Effective clearance of apoptotic cells is important in maintaining tissue homeostasis. Weaning-induced mammary gland involution is a unique model for studying apoptotic cell clearance, as 80–90% of the milk-producing mammary epithelium undergoes apoptosis to return the gland to a non-secretory state.1 Professional phagocytes, such as macrophages, are recruited into the involuting mammary gland; however, they are thought to have a limited role in the clearance of dying secretory cells, as in mice, peak macrophage infiltration occurs after the majority of apoptotic cell removal.2 Rather, the neighboring mammary epithelial cells themselves appear to be the primary cell type responsible for apoptotic cell clearance during involution.2 Rapid and efficient apoptotic cell clearance is essential, as persistence of apoptotic cells can result in the release of cell fragments into the local environment and subsequent autoimmunity.3 Importantly, impaired apoptotic cell clearance in the postpartum mammary gland results in local inflammation, fibrosis and epithelial cell hyperplasia.4, 5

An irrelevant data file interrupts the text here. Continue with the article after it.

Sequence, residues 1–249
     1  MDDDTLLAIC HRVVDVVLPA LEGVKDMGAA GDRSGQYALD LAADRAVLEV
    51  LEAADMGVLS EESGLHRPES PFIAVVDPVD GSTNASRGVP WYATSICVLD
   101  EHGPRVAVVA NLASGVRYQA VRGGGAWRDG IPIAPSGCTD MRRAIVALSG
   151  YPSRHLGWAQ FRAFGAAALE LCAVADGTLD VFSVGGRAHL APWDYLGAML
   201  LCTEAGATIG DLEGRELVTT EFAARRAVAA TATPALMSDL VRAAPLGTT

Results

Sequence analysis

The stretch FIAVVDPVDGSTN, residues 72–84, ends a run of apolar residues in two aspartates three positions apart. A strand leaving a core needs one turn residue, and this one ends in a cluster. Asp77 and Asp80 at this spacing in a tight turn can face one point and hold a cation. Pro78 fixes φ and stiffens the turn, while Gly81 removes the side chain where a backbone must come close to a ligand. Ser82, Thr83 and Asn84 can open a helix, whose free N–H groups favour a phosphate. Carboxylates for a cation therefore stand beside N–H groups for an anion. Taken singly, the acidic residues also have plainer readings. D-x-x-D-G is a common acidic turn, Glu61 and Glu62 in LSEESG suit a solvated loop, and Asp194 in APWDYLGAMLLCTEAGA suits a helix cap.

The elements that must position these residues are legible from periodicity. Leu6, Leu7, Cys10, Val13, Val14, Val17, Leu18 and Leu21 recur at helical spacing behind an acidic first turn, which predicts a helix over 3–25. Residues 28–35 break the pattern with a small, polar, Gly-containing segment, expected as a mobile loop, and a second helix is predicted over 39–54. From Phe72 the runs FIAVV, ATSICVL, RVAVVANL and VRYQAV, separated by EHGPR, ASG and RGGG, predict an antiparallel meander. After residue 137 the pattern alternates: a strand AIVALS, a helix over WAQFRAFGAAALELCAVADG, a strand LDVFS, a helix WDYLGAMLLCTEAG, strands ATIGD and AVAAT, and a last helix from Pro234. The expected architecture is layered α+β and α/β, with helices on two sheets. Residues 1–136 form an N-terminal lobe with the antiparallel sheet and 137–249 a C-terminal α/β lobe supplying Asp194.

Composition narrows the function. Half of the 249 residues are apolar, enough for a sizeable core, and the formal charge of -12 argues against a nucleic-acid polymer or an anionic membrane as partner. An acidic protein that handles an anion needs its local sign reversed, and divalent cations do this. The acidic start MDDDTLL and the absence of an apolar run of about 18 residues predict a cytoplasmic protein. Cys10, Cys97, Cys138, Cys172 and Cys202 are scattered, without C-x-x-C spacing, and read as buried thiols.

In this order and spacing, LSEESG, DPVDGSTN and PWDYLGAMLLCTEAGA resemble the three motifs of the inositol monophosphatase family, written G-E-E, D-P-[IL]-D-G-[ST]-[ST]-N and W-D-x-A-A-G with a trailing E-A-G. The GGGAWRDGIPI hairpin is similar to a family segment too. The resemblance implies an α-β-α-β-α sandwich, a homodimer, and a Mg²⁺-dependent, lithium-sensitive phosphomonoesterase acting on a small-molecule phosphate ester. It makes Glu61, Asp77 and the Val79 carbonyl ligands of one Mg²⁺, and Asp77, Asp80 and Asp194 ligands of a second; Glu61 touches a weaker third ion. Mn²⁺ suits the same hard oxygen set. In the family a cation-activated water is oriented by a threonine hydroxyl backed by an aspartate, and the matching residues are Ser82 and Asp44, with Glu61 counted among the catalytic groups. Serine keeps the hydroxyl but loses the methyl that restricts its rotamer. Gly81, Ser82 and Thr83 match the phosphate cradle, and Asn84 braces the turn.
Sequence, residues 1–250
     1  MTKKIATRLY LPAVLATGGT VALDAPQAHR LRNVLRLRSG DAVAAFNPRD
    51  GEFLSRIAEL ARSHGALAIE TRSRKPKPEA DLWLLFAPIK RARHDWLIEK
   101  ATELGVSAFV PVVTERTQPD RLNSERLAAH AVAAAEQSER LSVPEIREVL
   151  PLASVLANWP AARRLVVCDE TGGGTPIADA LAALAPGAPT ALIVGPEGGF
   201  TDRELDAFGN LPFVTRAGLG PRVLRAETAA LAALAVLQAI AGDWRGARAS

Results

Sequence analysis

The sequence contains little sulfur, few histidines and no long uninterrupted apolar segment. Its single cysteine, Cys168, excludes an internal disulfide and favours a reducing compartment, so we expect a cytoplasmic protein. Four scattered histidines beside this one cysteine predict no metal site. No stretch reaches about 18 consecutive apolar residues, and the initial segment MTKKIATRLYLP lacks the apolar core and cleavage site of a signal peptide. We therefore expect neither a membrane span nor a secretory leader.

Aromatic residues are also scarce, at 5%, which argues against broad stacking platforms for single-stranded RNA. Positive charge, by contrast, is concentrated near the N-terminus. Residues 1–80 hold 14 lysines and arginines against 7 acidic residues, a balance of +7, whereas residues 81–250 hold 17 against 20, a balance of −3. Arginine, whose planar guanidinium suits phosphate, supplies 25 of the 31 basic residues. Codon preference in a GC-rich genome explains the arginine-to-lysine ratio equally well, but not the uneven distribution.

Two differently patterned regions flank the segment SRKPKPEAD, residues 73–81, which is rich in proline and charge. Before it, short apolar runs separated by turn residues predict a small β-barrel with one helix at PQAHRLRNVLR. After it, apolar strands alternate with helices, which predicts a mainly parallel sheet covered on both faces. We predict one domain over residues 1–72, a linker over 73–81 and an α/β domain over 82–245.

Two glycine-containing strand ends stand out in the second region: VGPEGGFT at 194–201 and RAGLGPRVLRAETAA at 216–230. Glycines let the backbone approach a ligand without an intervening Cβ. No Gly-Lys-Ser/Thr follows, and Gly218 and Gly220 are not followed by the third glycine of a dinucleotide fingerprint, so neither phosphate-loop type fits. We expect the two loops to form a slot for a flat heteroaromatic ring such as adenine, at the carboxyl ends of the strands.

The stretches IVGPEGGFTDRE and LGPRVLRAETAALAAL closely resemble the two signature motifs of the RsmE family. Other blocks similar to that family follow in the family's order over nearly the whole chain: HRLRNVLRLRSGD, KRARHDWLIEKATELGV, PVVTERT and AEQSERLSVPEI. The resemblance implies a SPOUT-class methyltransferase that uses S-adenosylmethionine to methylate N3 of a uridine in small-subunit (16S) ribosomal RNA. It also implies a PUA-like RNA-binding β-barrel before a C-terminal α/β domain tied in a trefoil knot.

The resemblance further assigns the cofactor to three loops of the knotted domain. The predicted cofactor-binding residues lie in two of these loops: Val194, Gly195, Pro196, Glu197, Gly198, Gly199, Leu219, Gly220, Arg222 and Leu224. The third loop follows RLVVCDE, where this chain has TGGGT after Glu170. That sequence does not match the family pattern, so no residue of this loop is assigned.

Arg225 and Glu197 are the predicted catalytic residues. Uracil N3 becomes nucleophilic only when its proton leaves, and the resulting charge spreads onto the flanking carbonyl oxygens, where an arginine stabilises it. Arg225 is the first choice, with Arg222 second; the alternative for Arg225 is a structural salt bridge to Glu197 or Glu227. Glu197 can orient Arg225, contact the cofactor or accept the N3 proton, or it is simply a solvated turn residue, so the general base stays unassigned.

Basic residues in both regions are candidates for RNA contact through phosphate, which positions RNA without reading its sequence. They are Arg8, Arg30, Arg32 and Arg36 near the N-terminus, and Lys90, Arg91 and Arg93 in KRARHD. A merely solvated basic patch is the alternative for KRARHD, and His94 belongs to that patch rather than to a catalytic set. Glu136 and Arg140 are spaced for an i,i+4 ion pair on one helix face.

Although there is increasing evidence that phagocytosis by mammary epithelial cells has a crucial role in maintaining tissue homeostasis in the involuting murine mammary gland, little is known about how mammary epithelial cells become phagocytic during postpartum involution. One of the key changes in the mammary epithelium that may contribute to acquisition of a phagocytic phenotype is reorganization of epithelial cell junctions. During lactation, tight junctions between mammary epithelial cells become highly impermeable, which assures localization of milk within the mammary ducts.6 With weaning, this impermeability is lost,6 consistent with tight junction reorganization. Furthermore, reorganization of adherens junctions is also observed upon the switch from lactation to involution.7 Given that professional phagocytes such as macrophages do not exist in monolayers with cell cell junctions, disruption of epithelial cell junctions at the onset of mammary gland involution may be required for mammary epithelial cells to become phagocytic.